Utility Driven Service Routingover Large Scale InfrastructuresPablo ChacinPolytechnic University of Catalonia(UPC), Spain
Authors• Pablo Chacin, Polytechnic University ofCatalonia, Spain (UPC)• Leandro Navarro, UPC• Pedro Garcia López, Rovira i...
Key Points   • UDON is an Utility Driven Overlay Network for routing     service requests to service instances that match ...
Outline   •   Defining the problem context   •   Design principles   •   Experimental evaluation   •   Conclusions13-15 De...
Internet of Services        Source: Schroth, C., Janner, T.: Web 2.0 and soa: Converging concepts enabling        the inte...
Service Deployment13-15 December 2010   ServiceWave 2010
Challenges   • Non dedicated Servers      – The QoS a server can offer is hard to predict   • Fluctuations in the demand  ...
Guiding principles   • Decentralized decisions using local information      – No global view; no single point of failure; ...
System Model13-15 December 2010    ServiceWave 2010
Utility Function   • In economics, utility is a     measure of relative     satisfaction   • Summarizes multiple     attri...
Epidemic Overlay   • Simple maintenance algorithm      – Each node has a local view of        the state of a set of neighb...
Randomized Greedy Utility              Routing   • Multi-hop routing using local     information      – On each hop, ranks...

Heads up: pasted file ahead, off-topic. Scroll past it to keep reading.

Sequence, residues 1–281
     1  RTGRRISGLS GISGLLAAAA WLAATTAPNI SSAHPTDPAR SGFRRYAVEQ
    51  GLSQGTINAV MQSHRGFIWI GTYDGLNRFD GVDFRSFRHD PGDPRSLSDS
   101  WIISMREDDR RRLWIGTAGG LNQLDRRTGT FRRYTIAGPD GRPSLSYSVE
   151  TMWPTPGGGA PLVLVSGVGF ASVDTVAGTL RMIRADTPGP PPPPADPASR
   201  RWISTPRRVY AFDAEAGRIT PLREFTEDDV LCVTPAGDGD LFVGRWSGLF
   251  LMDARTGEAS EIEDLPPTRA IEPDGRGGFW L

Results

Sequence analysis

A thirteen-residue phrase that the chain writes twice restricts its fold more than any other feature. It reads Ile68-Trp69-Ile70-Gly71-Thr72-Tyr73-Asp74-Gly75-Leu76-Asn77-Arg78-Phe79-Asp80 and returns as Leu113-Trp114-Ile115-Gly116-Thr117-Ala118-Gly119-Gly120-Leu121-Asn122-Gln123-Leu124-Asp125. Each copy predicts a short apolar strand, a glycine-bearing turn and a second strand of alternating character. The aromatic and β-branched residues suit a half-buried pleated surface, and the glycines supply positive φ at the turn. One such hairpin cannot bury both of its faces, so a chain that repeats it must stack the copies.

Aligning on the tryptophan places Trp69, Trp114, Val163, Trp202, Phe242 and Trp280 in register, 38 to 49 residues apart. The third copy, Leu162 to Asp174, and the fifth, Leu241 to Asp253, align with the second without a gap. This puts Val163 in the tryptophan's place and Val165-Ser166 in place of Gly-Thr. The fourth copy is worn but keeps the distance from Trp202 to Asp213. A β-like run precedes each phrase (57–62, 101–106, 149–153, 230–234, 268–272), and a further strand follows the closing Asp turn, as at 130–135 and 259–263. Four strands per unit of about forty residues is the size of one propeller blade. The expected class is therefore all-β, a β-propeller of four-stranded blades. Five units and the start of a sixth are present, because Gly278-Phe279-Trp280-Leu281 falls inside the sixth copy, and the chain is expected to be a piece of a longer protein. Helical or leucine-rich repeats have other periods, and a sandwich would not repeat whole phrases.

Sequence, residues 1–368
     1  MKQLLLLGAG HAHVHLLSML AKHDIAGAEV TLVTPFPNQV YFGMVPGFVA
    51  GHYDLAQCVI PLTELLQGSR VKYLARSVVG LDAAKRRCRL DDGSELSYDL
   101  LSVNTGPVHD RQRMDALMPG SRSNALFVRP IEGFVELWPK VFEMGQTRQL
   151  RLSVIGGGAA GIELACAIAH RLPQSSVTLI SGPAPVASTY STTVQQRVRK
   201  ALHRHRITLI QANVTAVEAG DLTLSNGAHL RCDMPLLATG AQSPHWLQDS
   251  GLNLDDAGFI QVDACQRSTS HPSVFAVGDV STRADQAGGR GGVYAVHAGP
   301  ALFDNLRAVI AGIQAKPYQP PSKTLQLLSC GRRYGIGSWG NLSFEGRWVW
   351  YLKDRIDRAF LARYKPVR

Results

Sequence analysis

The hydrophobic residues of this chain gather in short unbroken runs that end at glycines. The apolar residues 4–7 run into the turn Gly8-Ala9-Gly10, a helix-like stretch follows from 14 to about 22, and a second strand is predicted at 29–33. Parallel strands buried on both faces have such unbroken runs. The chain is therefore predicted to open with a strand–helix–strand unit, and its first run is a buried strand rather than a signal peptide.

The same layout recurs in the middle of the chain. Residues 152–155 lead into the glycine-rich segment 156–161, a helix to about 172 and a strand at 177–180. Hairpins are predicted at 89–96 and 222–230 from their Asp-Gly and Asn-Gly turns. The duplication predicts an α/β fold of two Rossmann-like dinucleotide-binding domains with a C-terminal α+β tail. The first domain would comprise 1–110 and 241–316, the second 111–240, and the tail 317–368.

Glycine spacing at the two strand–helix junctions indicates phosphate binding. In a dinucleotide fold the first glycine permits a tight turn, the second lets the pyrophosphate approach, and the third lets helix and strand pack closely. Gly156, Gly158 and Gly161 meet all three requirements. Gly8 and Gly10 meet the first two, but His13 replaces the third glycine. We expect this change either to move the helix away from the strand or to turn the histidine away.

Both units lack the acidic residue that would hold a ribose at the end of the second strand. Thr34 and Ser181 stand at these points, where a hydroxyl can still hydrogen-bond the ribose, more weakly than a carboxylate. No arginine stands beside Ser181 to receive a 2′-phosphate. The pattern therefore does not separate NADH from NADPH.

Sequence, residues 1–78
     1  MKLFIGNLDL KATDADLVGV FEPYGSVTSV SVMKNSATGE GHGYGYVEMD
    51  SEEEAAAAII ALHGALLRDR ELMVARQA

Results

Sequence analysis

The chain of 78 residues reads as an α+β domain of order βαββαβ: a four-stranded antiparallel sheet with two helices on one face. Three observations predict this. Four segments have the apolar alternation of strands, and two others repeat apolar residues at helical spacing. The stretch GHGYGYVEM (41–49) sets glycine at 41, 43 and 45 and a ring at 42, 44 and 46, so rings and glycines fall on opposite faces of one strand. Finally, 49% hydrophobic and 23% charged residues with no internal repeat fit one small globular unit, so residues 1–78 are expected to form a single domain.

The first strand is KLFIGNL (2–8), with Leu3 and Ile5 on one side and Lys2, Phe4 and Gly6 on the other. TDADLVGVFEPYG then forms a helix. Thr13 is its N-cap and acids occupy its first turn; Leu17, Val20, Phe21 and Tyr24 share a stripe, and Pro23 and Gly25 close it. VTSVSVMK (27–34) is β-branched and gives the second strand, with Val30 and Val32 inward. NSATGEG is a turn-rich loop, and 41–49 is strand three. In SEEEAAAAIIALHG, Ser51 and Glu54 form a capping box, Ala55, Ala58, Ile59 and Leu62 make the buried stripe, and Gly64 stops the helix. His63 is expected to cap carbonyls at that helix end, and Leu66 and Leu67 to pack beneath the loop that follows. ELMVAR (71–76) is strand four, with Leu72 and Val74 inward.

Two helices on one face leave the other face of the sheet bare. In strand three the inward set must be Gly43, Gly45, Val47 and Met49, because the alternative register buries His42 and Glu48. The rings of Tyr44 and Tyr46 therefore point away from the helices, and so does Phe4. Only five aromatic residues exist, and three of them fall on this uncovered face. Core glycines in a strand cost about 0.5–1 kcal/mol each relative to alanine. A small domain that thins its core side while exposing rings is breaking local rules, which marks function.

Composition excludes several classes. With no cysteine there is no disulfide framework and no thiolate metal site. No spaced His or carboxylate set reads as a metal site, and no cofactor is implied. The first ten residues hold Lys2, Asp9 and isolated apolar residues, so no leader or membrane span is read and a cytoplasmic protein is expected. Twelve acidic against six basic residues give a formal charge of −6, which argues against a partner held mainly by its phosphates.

Evaluation13-15 December 2010   ServiceWave 2010
Simulation Model   • Network topology is abstracted      – One single cluster, 1000s of servers.      – Constant, negligib...
The Simulation of the Utility             Function13-15 December 2010   ServiceWave 2010
Metrics   • Overlay (information dissemination)      – Age: how old is the information in the        local view (average) ...
Overlay                                         Maintains “fresh”                                         information     ...
Performance Tolerance: maximum allowed difference between required QoS and nodes utility:       Allocates requests with hi...
Performance looking for            scarce resources                                         Allocates requests            ...
Churn                                         Performance                                         “gracefully” degrades   ...
Variation in Utility                      Allocates requests even under                      highly fluctuating conditions...
Sensitivity to Operational              Parameters           Optimal setup demands low           communication overhead13-...
Discussion13-15 December 2010   ServiceWave 2010
Conclusions   • Simple, principled solution for routing requests     over large-scale cluster-based web services on     sh...
(Near) Future work   • Apply UDON to A concrete scenario      – Simulated cluster based web services      – Use concrete u...
Questions? . . . Thanks.                      pchacin@ac.upc.edu13-15 December 2010      ServiceWave 2010
ICSOC-ServiceWave 2009
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Pablo Chacin (Polytechnic University of Catalonia, Spain): Utility Driven Service Routing over Large Scale Infrastructures

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Pablo Chacin (Polytechnic University of Catalonia, Spain): Utility Driven Service Routing over Large Scale Infrastructures